|Name||The Glapton Academy|
|Ofsted Inspection Rating||Good
This inspection rating relates to a predecessor school. When a school, converts to an academy, is taken over or closes and reopens as a new school a formal link is created between the new school and the old school, by the Department for Education. Where the new school has not yet been inspected, we show the inspection history of the predecessor school, as we believe it still has significance.
|Inspection Date||05 June 2013|
|Address||Glapton Lane, Clifton, Nottingham, Nottinghamshire, NG11 8EA|
|Religious Character||Does not apply|
|Number of Pupils||371 (50% boys 50% girls)|
|Number of Pupils per Teacher||16.4|
|Academy Sponsor||L.E.A.D. Academy Trust|
|Percentage Free School Meals||25.7%|
|Percentage English is Not First Language||9.7%|
|Pupils with SEN Support||12.7%|
|Catchment Area Information Available||Yes, our catchment area data is FREE|
|Last Distance Offered Information Available||No|
Information about this school
This school is larger than the average-sized primary school. The school receives pupil premium funding for nearly half of the pupils, which is a much higher proportion than in most schools. Pupil premium funding is provided to support those pupils who are known to be eligible for free school meals, those who are looked after by the local authority, and those with a parent in the armed forces. Almost all pupils are from White British backgrounds. A few are from a range of other ethnic heritages. Hardly any speak English as an additional language. The proportion of disabled pupils or those who have special educational needs who are supported at school action is above average. The proportion supported at school action plus or who have statements of special educational needs is well above average. There is a higher than average proportion of pupils who join or leave the school at other than the usual times at the start and end of the school year. The school meets the government’s current floor standards, which set the minimum expectations for pupils’ attainment and progress. There is a breakfast club operating on the school site which is managed by the governing body of the school.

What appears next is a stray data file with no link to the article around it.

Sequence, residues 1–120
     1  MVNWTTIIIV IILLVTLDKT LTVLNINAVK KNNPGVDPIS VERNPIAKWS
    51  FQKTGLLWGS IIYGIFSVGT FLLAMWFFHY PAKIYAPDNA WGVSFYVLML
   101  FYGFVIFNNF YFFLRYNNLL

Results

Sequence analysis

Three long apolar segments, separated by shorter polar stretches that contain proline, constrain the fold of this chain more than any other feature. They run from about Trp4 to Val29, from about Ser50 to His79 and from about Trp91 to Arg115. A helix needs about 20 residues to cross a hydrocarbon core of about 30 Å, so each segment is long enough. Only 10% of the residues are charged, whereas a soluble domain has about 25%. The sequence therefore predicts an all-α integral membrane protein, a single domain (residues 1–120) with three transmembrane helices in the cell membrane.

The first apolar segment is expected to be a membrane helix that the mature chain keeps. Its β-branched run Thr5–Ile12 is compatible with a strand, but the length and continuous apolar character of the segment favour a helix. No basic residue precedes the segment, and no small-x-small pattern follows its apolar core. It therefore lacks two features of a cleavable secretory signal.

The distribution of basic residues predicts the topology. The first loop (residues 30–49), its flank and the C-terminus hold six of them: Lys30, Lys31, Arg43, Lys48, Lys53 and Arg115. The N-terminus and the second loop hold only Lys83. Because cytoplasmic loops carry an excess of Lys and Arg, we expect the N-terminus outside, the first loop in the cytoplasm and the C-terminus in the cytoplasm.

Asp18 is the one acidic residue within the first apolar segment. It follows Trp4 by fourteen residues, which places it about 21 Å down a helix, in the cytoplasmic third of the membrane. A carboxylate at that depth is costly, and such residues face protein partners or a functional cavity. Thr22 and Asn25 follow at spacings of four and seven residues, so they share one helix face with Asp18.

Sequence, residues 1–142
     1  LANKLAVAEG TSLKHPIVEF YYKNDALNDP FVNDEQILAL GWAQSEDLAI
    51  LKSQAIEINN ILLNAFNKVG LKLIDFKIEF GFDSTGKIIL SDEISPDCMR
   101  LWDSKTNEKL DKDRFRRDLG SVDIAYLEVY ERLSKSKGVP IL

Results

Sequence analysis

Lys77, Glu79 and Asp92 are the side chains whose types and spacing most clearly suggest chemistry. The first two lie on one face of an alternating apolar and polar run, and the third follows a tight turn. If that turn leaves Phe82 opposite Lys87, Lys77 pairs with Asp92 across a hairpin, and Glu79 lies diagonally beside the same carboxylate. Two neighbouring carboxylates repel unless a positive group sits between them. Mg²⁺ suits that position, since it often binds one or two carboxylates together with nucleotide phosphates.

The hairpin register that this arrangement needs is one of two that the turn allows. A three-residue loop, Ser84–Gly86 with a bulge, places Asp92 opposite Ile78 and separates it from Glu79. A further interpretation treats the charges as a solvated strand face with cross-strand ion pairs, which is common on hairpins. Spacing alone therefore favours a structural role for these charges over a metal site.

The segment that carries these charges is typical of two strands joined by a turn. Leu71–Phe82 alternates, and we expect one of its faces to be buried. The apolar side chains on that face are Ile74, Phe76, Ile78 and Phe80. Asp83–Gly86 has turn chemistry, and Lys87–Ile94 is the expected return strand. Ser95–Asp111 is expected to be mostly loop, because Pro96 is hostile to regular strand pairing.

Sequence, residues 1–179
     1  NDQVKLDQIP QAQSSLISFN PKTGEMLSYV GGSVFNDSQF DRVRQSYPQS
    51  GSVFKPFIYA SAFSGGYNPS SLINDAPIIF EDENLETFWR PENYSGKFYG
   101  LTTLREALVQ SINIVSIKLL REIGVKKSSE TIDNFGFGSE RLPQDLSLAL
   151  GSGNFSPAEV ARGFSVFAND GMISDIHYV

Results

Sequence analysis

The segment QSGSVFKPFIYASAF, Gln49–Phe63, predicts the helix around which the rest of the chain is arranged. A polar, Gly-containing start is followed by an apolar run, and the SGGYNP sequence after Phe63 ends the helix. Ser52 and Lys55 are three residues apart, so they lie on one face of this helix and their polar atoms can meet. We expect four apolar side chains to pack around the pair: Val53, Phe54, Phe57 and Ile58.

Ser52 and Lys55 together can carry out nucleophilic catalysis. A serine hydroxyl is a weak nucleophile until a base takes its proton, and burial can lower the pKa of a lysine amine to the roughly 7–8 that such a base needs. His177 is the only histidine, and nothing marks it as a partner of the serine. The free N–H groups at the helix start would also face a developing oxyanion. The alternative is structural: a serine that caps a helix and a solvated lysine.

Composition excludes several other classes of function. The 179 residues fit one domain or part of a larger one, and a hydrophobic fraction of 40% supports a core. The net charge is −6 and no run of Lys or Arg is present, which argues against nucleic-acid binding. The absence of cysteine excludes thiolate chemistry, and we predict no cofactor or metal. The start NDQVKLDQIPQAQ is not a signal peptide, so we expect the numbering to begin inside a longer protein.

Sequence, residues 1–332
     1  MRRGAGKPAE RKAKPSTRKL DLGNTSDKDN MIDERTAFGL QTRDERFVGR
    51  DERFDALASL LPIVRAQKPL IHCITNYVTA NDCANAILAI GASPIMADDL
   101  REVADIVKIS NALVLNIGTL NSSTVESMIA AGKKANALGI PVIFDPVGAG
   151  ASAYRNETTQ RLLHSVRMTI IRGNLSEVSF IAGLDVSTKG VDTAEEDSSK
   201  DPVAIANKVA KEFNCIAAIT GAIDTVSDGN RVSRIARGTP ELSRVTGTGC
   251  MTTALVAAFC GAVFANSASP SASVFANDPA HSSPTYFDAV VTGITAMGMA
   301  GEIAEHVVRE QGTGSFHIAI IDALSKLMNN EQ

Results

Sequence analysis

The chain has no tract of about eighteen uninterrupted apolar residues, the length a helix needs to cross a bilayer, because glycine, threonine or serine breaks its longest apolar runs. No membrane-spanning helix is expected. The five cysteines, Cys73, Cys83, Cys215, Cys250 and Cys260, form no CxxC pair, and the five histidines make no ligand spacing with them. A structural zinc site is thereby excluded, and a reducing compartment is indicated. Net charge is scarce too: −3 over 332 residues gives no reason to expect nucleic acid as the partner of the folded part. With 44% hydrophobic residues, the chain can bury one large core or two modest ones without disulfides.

Summary of key findings for parents and pupils
This is a good school. From low starting points, pupils make good progress to reach standards in Year 6 that are average. A high proportion of teaching is good and some is outstanding. Lessons engage pupils fully and move along at a brisk pace. Teaching assistants make a good contribution to pupils’ learning, particularly for disabled pupils and those who have special educational needs All pupils, regardless of background, make good progress, because they are helped to develop self-esteem and confidence, as well as to learn. Very good relationships help to create an extremely happy atmosphere throughout the school. Pupils’ behaviour, both in and out of lessons, is exemplary. Pupils greatly enjoy school and feel very safe. Their excellent attitudes to learning help them to work hard and learn well. Pupils are very proud of their school. The headteacher is well respected by staff, is relentless in her pursuit of improvement and has been key to driving further developments. Together, leaders have improved the quality of teaching and ensured that achievement remains good. The governing body is effective in supporting the school and is increasingly holding it to account for its performance. It is not yet an outstanding school because : Although pupils make good progress in developing reading, writing and mathematics skills, their achievement in reading is not as strong as in writing and mathematics Not enough teaching is outstanding to make achievement outstanding. There remains a very small amount of teaching which requires improvement.